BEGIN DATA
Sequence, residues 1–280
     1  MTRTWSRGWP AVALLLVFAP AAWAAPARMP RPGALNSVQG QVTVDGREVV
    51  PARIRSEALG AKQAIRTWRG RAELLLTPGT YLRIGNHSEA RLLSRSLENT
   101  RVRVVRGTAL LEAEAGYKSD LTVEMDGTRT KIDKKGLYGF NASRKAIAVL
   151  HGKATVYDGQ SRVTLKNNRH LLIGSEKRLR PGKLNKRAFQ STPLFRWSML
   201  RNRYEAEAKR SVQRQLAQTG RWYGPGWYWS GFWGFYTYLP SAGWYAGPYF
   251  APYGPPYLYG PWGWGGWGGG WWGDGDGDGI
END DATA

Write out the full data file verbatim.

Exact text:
Sequence, residues 1–280
     1  MTRTWSRGWP AVALLLVFAP AAWAAPARMP RPGALNSVQG QVTVDGREVV
    51  PARIRSEALG AKQAIRTWRG RAELLLTPGT YLRIGNHSEA RLLSRSLENT
   101  RVRVVRGTAL LEAEAGYKSD LTVEMDGTRT KIDKKGLYGF NASRKAIAVL
   151  HGKATVYDGQ SRVTLKNNRH LLIGSEKRLR PGKLNKRAFQ STPLFRWSML
   201  RNRYEAEAKR SVQRQLAQTG RWYGPGWYWS GFWGFYTYLP SAGWYAGPYF
   251  APYGPPYLYG PWGWGGWGGG WWGDGDGDGI